A spilled drink in a Boston nightclub led former New England Patriots tight end Aaron Hernandez to kill two people in a drive-by shooting because he felt he’d been disrespected, prosecutors said Wednesday.
‘‘I think I got one in the head and one in the chest,’’ Hernandez said to a friend as they fled the intersection where the victims were shot in their car, prosecutors said at the former gridiron star’s arraignment.
Hernandez, already charged with killing another man last year, pleaded not guilty Wednesday to seven charges — including two counts of first-degree murder — in the 2012 shooting that killed Daniel de Abreu and Safiro Furtado. A third man was wounded.
In the months before the killings, Suffolk County First Assistant District Attorney Patrick Haggan told the court Hernandez had become increasingly convinced that people ‘‘had been testing, trying or otherwise disrespecting him when he frequented nightclubs in the area.’’
The night de Abreu and Furtado were killed, Haggan said Hernandez and a friend drove from Connecticut to a Boston nightclub called Cure. They were standing at the edge of the dance floor when de Abreu accidentally bumped into Hernandez, smiled at him and did not apologize, according to prosecutors. Haggan said de Abreu and his friends did not appear to recognize Hernandez and had no idea he was upset.
Hernandez became increasingly agitated and told his friend that de Abreu had deliberately bumped into him and ‘‘was trying him,’’ Haggan said.
Surveillance video outside the club shows Hernandez pacing back and forth on the sidewalk as his friend tried to calm him down, Haggan said. Hernandez and his friend then crossed the street to another nightclub, where Hernandez thought he saw de Abreu and his friends come in, according to Haggan.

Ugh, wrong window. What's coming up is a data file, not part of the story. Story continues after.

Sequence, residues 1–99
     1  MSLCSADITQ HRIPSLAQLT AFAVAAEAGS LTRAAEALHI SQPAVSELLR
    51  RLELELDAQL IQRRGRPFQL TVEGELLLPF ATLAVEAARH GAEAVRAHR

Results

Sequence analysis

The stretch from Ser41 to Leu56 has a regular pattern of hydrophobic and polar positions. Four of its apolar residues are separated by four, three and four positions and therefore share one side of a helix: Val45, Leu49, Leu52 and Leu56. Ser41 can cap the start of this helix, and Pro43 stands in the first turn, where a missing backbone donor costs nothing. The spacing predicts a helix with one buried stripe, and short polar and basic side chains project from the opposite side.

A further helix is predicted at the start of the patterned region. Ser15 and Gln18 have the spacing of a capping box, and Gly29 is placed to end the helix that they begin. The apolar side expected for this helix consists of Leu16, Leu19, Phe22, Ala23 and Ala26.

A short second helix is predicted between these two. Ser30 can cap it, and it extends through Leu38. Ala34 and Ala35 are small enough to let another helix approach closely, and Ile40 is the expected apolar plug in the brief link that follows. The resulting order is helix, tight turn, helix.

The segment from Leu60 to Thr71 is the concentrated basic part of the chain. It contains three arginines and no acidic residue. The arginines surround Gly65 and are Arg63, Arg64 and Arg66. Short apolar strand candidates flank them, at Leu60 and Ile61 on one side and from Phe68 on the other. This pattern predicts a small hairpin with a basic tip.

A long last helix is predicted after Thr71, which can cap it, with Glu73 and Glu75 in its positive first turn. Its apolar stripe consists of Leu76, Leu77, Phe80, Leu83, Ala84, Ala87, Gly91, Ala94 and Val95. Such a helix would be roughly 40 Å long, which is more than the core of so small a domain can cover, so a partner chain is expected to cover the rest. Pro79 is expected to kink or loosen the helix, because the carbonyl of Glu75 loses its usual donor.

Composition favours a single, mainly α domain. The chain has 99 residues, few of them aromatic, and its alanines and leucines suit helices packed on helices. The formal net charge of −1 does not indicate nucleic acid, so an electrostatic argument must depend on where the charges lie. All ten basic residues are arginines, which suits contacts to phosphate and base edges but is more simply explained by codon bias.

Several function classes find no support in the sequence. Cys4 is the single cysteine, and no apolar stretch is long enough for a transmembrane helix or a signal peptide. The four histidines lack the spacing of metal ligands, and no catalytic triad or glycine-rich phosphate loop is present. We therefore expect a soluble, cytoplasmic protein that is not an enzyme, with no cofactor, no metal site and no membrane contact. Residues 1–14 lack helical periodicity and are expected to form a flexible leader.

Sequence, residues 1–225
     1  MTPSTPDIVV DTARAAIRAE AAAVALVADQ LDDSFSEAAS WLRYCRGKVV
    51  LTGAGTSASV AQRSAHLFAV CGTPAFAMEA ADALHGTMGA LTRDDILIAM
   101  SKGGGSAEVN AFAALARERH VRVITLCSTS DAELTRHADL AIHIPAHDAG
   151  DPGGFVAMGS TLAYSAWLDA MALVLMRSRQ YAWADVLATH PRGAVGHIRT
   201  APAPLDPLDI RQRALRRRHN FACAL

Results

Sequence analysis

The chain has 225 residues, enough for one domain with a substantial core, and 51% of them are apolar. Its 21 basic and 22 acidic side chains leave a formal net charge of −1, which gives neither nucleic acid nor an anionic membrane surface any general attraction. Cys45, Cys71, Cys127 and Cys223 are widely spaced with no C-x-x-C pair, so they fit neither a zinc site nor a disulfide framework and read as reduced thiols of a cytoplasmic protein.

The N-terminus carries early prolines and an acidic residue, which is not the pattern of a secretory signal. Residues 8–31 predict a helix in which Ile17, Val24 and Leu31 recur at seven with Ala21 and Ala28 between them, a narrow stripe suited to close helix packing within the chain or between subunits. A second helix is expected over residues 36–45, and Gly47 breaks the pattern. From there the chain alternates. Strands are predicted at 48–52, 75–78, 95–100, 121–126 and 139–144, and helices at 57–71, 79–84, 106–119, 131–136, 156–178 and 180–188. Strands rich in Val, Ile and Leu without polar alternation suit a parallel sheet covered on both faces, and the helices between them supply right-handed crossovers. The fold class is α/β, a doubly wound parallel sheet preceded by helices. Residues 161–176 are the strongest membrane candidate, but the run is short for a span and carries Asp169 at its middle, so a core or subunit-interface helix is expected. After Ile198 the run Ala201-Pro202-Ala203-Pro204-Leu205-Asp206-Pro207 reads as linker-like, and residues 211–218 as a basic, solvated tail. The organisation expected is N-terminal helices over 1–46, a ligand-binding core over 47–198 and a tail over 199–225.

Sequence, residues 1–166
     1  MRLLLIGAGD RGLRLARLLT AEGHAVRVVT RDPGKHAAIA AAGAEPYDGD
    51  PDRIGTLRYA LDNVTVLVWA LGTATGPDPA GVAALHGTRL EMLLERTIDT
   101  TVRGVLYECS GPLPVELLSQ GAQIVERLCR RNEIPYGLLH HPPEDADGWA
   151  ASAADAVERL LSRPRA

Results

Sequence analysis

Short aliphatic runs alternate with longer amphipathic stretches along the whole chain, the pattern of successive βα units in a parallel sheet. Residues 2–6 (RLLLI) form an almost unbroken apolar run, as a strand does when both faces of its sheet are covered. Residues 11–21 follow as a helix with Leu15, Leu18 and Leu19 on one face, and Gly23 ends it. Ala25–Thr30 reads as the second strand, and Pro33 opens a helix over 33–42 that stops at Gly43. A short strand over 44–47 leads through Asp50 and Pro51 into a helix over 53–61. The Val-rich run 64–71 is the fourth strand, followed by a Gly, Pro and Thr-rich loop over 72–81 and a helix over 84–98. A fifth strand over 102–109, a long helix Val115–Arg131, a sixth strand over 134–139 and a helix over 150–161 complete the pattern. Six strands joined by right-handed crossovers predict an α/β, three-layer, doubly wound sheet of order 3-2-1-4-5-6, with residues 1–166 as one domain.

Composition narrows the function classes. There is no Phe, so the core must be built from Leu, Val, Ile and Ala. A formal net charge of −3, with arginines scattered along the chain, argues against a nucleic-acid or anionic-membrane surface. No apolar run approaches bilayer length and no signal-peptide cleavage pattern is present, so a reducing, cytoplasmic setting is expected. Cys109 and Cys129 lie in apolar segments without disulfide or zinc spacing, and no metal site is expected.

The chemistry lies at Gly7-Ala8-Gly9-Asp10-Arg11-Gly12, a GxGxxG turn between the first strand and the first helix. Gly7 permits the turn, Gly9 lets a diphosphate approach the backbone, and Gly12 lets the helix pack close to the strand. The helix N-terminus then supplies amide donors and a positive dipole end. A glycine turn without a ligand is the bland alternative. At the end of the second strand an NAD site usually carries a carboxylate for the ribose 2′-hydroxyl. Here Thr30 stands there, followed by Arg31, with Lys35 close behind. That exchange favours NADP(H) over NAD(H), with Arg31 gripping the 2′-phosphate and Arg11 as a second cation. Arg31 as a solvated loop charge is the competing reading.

Hernandez then told his friend he believed he was ‘‘being targeted and being disrespected,’’ Haggan said. In fact, de Abreu and his friends had not left the other club.
Haggan said Hernandez later drove around with his friend until he saw de Abreu, Furtado and others going to their car, then followed them and pulled up alongside their car at a red light.
‘‘At this time, the victims were completely unaware there was any problem with the defendant,’’ Haggan said.
Hernandez leaned out the driver’s side, said ‘‘Yo, what’s up now,’’ followed by a racial slur, then fired at least five shots into the car, killing de Abreu and Furtado, and injuring a man sitting in the back seat, Haggan said.
Hernandez’s attorney, Charles Rankin, objected, saying the prosecutor’s account of the shooting was an attempt to poison the jury pool. Clerk Magistrate Gary Wilson dismissed the objection, saying it is standard procedure for prosecutors to describe evidence during arraignments in murder cases.
Family members of the victims filled four rows in the courtroom. One woman sobbed loudly as Hernandez entered his not guilty pleas.
De Abreu and Furtado were close friends who attended school and served in the military together in Cape Verde before coming to the United States, according to the attorney who represents their families in a $6 million civil suit against Hernandez.
The two men were shot about six weeks before Hernandez signed a five-year, $40 million contract with the Patriots. He went on to catch 51 passes and score five touchdowns that season, his last in the NFL.
Hernandez, 24, was released by the Patriots last summer after he was charged in the June 17 killing of semi-pro football player Odin Lloyd, who was dating a sister of Hernandez’s fiancee. Lloyd’s body was found in an industrial area near Hernandez’s home in North Attleborough.
Hernandez’s lawyers have said he is looking forward to proving his innocence.
Suffolk District Attorney Daniel Conley would not comment when reporters asked if Lloyd’s killing was linked to the earlier killings of de Abreu and Furtado. He said Lloyd was not the friend who was with Hernandez the night the two men were killed.
Hernandez will continue to be held without bail. He is due back in court June 24 for a scheduling hearing.
SOURCE: DENISE LAVOIE